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History

Cox History

 

Cox Enterprises was founded in Dayton, Ohio, in 1898 by former schoolteacher and news reporter James M. Cox, whose ambition was to own a newspaper. At the age of 28, he borrowed $26,000 from friends and family and purchased the Dayton Evening News (now the Dayton Daily News).

 

James Cox's success with the newspaper led him into public service. He subsequently became Ohio's first three-term governor and the 1920 Democratic nominee for president of the United States.  After losing the election to Warren Harding, Gov. Cox focused his attention on growing his media business.

 

In 1935, Gov. Cox started Dayton's first radio station, WHIO, just as radio was gaining widespread popularity. In 1939, Cox acquired The Atlanta Journal newspaper and WSB, the South's oldest and most powerful radio station.  Cox's innovation continued in 1948 when WSB-TV in Atlanta became the South's first television station; WHIO-TV in Dayton began broadcasting later that year. 

 

Following Gov. Cox's death in 1957, his son, James Cox, Jr., assumed leadership of the company and continued its expansion until his death in 1974. During his tenure, Cox Enterprises became one of the first major players in the cable television industry. Cox Communications began with the acquisition of three small cable systems in rural Pennsylvania in 1962. Today, Cox Communications is among the largest broadband communications companies in the country and serves more than 6 million customers in 18 states.

 

Cox demonstrated its foresight again in 1969 by acquiring Manheim Auto Auction in Manheim, Penn. Manheim has grown to be the world's leading provider of used-vehicle and remarketing services, and a marketplace for almost seven million used vehicles that change hands every year.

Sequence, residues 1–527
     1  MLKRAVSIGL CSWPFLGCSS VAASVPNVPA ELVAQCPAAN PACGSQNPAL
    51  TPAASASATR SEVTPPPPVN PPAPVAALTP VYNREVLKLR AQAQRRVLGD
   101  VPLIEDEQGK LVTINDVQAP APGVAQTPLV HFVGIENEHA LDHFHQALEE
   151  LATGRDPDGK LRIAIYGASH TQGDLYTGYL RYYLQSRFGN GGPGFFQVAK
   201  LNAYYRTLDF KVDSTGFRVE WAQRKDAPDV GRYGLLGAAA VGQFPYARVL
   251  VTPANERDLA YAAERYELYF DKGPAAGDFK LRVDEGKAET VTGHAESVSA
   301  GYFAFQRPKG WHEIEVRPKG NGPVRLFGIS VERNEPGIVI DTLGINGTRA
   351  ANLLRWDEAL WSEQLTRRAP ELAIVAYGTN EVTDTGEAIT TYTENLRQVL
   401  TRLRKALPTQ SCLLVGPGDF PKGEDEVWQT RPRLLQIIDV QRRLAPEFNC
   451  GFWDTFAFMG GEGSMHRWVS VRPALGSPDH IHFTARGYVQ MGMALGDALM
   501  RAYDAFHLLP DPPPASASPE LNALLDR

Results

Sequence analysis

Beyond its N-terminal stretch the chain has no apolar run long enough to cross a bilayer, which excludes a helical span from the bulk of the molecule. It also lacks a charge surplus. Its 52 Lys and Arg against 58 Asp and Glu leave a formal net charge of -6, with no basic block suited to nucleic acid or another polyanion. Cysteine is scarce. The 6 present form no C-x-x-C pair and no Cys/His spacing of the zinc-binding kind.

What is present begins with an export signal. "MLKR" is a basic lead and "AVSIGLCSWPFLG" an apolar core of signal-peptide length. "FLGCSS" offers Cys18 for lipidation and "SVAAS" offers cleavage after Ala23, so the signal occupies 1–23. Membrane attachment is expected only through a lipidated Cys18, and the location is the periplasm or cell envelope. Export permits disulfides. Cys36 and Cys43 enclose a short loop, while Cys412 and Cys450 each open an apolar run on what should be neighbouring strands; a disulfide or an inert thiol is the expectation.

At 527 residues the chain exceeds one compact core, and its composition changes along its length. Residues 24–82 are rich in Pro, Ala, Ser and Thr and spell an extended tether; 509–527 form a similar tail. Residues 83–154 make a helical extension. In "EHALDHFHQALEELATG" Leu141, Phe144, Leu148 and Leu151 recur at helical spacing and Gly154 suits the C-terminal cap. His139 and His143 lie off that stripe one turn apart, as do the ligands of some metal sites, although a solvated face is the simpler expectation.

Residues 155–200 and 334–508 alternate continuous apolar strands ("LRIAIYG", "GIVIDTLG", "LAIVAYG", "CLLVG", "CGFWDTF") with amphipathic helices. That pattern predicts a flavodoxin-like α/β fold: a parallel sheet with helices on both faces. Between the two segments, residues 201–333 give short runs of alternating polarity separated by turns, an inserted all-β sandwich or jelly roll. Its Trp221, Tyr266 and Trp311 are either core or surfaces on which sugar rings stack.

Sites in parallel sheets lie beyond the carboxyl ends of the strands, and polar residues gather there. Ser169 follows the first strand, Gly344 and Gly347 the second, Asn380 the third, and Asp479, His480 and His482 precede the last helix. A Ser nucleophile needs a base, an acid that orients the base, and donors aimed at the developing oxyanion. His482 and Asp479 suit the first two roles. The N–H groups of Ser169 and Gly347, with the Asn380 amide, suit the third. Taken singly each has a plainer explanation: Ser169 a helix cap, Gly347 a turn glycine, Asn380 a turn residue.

Cox's next auto-related innovation was launched in 1998. Autotrader is the most visited third-party car shopping site, with the most engaged audience of in-market shoppers. Cox brought together more than 20 automotive brands, including Autotrader, Kelley Blue Book and Manheim, to create Cox Automotive in 2014. The company partners with more than 40,000 dealers and major automobile manufacturers.

 

Meanwhile, Cox's traditional media operations - television, newspapers and radio - continue to be major players in their industries. Cox Media Group consists of six daily newspapers; 60 radio stations; and 14 broadcast television stations and one local cable channel, as well as Cox Reps, a major advertising sales rep firm. The subsidiary's operations also include Savings.com and Valpak.

 

Today, Cox Enterprises employs approximately 55,000 employees in 300 separate businesses. Its employees are active in every community where the company operates. 

 

James C. Kennedy, Gov. Cox's grandson, is chairman of Cox Enterprises. During his tenure, Cox Enterprises has increased in annual revenue from $2.1 billion to $18 billion. There are currently three generations of Cox family members on the company's board of directors. Under Kennedy's direction, Cox launched a national sustainability program, Cox Conserves, across the company. It's part of a legacy that began more than a century ago.

 

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